From the "War Room" at salon.com:
"Although Federal Reserve Chairman Alan Greenspan frequently spouts the Republican party line, he still gets the Oracle of Delphi treatment from members of Congress and the mainstream media. Greenspan has gravitas like most of us have breakfast, and when he pronounces judgment on something -- the economy, unemployment, Social Security -- his views are treated more often than not as the indisputable truth from on high.
"Is that starting to change? It's hard not to think so after reading what Harry Reid had to say about the Fed chairman yesterday. Appearing on CNN, Reid -- who is usually a killing-them-with-kindness kind of guy -- called Greenspan 'one of the biggest political hacks we have in Washington.'"
UPDATE: I guess I should add that I don't object to what Greenspan said, since I also favor a consumption tax, albeit preferably as a replacement to the income tax and with probably much greater progressivity than he prefers. But there certainly is no reason why either his position or his talents (admittedly significant, it seems, in terms of sensing macroeconomic trends) would lead his view on this to have any special weight. And he really has undermined himself with his increasingly clear partisan and ideological set of preferences, which I think he tries to hide behind the mask of the great Oz.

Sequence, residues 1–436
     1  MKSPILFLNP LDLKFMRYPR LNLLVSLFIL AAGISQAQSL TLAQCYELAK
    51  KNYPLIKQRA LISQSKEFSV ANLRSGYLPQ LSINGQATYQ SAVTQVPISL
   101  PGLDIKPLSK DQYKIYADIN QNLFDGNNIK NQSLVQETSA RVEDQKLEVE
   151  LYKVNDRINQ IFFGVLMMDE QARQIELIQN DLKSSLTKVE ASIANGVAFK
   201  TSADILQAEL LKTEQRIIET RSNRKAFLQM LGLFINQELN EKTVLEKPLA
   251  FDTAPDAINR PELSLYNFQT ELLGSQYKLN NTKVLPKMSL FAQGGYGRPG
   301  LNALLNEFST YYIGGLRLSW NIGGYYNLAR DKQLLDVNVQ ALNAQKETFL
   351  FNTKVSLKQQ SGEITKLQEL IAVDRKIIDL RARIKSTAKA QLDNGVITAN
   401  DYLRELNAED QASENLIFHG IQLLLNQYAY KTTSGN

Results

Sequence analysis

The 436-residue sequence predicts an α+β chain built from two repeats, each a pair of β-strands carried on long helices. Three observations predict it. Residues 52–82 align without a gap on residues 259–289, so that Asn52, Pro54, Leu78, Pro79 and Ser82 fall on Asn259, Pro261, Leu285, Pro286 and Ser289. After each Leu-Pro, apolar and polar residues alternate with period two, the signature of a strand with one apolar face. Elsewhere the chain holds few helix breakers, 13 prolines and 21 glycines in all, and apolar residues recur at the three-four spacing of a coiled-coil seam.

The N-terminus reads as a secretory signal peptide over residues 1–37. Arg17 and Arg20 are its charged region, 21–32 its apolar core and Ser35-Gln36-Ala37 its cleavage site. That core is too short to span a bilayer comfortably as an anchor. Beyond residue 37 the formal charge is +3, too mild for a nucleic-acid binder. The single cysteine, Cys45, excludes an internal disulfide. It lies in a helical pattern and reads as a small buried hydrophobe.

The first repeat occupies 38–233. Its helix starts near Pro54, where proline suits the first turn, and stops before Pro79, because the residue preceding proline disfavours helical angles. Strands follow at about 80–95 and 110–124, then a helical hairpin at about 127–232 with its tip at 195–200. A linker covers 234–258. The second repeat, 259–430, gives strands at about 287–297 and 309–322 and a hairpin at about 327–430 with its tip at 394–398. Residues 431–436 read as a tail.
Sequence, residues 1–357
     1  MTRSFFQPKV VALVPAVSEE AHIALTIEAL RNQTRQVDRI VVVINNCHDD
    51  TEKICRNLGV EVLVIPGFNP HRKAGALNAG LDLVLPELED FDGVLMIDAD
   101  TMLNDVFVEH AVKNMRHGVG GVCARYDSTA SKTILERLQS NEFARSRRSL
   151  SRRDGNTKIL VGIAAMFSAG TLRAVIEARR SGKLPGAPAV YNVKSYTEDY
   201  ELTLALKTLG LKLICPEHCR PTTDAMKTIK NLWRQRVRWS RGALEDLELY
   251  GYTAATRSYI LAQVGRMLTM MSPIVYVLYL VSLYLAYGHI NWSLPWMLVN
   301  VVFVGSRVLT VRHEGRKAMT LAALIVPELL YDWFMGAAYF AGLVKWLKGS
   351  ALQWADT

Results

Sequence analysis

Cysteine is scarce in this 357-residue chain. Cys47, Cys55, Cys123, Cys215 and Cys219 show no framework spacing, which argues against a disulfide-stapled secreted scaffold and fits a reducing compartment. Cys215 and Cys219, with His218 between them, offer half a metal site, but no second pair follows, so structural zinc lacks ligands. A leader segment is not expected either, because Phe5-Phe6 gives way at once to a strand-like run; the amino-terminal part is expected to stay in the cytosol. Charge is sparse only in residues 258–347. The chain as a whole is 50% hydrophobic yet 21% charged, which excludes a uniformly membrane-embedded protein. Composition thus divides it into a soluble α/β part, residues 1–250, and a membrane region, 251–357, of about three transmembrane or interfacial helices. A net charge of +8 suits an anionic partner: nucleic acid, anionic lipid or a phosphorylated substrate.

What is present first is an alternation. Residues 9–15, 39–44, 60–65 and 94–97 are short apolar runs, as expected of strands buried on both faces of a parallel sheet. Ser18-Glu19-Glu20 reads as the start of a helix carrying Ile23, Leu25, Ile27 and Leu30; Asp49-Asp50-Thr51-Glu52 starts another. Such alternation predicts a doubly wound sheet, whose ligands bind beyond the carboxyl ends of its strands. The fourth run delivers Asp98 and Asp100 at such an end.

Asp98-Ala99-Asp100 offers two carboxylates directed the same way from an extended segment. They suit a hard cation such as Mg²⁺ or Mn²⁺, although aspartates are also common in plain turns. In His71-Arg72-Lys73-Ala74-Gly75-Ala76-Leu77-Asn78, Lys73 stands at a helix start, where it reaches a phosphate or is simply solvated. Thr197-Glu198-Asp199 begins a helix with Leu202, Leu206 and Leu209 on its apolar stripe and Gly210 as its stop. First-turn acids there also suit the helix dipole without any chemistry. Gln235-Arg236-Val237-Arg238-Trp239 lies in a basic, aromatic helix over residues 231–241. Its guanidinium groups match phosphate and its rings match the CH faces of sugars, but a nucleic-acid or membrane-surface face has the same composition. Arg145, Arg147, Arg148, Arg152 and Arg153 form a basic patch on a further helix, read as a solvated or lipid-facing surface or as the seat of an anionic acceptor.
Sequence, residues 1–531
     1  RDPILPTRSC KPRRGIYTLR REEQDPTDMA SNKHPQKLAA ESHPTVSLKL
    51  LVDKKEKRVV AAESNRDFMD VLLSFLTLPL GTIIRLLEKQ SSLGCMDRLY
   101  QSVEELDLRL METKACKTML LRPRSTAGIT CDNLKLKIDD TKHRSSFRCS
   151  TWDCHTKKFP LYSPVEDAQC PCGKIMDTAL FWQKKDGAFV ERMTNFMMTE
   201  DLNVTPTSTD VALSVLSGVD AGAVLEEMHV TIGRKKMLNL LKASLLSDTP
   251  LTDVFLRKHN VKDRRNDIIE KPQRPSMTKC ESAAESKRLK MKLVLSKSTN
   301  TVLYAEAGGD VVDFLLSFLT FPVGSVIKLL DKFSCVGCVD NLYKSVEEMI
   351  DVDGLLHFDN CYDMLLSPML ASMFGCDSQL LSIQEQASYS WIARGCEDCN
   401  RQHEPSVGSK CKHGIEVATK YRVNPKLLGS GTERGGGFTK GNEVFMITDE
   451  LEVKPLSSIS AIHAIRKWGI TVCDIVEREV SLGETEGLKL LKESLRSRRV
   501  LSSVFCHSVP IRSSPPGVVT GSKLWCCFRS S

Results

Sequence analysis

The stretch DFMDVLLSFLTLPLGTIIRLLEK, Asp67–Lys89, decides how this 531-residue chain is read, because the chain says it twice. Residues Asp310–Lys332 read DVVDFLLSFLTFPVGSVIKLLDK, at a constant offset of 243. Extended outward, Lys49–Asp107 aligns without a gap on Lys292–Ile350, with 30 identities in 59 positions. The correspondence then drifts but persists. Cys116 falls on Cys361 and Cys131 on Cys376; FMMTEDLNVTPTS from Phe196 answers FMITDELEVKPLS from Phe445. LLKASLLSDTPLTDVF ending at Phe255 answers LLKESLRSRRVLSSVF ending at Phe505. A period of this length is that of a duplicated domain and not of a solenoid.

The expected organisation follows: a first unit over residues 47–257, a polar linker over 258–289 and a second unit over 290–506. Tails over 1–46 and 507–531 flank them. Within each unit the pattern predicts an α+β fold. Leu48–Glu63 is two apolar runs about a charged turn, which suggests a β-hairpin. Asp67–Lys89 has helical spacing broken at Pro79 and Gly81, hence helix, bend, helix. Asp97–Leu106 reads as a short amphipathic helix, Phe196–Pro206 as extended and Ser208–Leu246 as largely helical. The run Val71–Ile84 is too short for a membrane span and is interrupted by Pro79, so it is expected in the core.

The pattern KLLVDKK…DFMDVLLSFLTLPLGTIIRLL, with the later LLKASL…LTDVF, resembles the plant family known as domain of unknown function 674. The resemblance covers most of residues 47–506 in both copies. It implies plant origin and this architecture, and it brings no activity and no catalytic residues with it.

As a practical matter, Paul Krugman probably deserves credit (or blame) as the person who has licensed politicians such as Harry Reid to start attacking Greenspan as a partisan hack. And so long as these attacks are on Greenspan's broader political ruminations and interventions, not on his running Fed policy independently of direct political control, there's nothing wrong with it. A lesson to Greenspan and to future Fed chiefs that you should watch your partisan interventions if you want to preserve your reputation and independence would be very much in order.